Music education in schools is suffering, Ofsted report confirms

Harriet Clifford
Wednesday, December 16, 2020

An Ofsted report published today on education in schools has further confirmed the damaging impacts of COVID-19 on music learning.

Praiwan Wasanruk

Based on 297 one-day visits carried out by Ofsted in November 2020, the qualitative results of the report found that: 

  • Not all primary schools were teaching the full range of subjects, restructuring the timetable to ‘prioritise English and mathematics’ and leaving subjects such as music until later in the year. 
  • Music was cited by many primary schools as one of the most challenging subjects to offer remotely, and in some cases it wasn’t being offered at all.
  • Some secondary school leaders said that the lack of equipment in the first national lockdown affected pupils’ learning in music. 
  • Practical elements in music were being adapted in some primary schools, while others were continuing to teach both theoretical and practical music. 
  • In secondary schools, many Key Stage 3 pupils were doing less practical work in music because leaders had prioritised KS4 and KS5 to use the music rooms. 
  • Many schools say that going forward in music, ‘organising safe access to practical work for all pupils presents an issue’, while others were able to provide practical work through ‘classrooms on wheels’.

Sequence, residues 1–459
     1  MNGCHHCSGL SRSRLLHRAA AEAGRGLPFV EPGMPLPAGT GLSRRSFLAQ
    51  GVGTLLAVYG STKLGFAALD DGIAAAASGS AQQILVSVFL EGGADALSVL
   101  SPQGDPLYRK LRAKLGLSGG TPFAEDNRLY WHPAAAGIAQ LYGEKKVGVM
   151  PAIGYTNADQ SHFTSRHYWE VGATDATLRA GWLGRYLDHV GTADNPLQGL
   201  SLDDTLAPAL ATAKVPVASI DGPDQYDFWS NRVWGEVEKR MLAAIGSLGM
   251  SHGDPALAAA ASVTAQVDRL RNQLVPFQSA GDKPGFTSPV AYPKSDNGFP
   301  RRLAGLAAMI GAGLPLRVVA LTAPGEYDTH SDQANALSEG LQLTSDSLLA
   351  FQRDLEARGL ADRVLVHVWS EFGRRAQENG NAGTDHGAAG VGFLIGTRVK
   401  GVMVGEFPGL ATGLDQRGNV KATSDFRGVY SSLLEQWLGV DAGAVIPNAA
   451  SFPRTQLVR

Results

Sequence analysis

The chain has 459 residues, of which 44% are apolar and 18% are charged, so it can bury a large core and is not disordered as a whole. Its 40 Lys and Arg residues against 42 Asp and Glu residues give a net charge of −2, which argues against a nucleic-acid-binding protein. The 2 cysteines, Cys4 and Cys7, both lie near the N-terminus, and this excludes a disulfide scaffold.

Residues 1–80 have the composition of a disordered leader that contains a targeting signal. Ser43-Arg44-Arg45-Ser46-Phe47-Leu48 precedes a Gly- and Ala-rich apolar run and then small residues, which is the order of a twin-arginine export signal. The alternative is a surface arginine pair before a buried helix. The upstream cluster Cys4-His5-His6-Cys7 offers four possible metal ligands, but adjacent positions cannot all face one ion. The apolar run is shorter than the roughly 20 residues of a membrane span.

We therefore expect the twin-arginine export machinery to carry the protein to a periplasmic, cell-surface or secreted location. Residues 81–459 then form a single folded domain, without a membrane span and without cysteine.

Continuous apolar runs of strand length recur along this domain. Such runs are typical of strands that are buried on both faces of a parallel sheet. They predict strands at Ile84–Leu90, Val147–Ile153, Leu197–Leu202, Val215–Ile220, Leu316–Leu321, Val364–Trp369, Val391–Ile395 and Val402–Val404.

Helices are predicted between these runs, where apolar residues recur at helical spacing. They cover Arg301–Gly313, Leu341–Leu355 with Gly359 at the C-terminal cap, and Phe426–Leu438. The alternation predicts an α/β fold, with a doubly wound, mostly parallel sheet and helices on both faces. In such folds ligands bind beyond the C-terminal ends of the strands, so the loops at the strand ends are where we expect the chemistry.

The report comes shortly after the Incorporated Society of Musicians (ISM) published The Heart of the School is Missing, a report which found that COVID-19 has had a ‘devastating’ impact on music in schools, with almost 10 per cent of primary and secondary schools not teaching music at all.  

In response to today’s report from Ofsted, ISM’s chief executive Deborah Annetts said, ‘Ofsted have confirmed what the ISM already found in its key report The Heart of the School is Missing, that the COVID-19 pandemic has led to music education provision being reduced in England. 

‘Our recent research showed that opportunities for pupils to make and create music are becoming more limited and now Ofsted have explained that this is due in part to the decision-making of some schools. 

‘However, it cannot be forgotten that the Department for Education published guidance at short notice, in some cases giving schools just a few days to implement safe practices.’ 

In the wake of the ISM report, several organisations have provided short-term solutions to the impact on children’s music making, such as Rocksteady’s offer of free online music lessons to all primary schools from January. UK charity Awards for Young Musicians (AYM) has also made a commitment to continue providing support for children and young people from low-income backgrounds. 

The full Ofsted report can be read here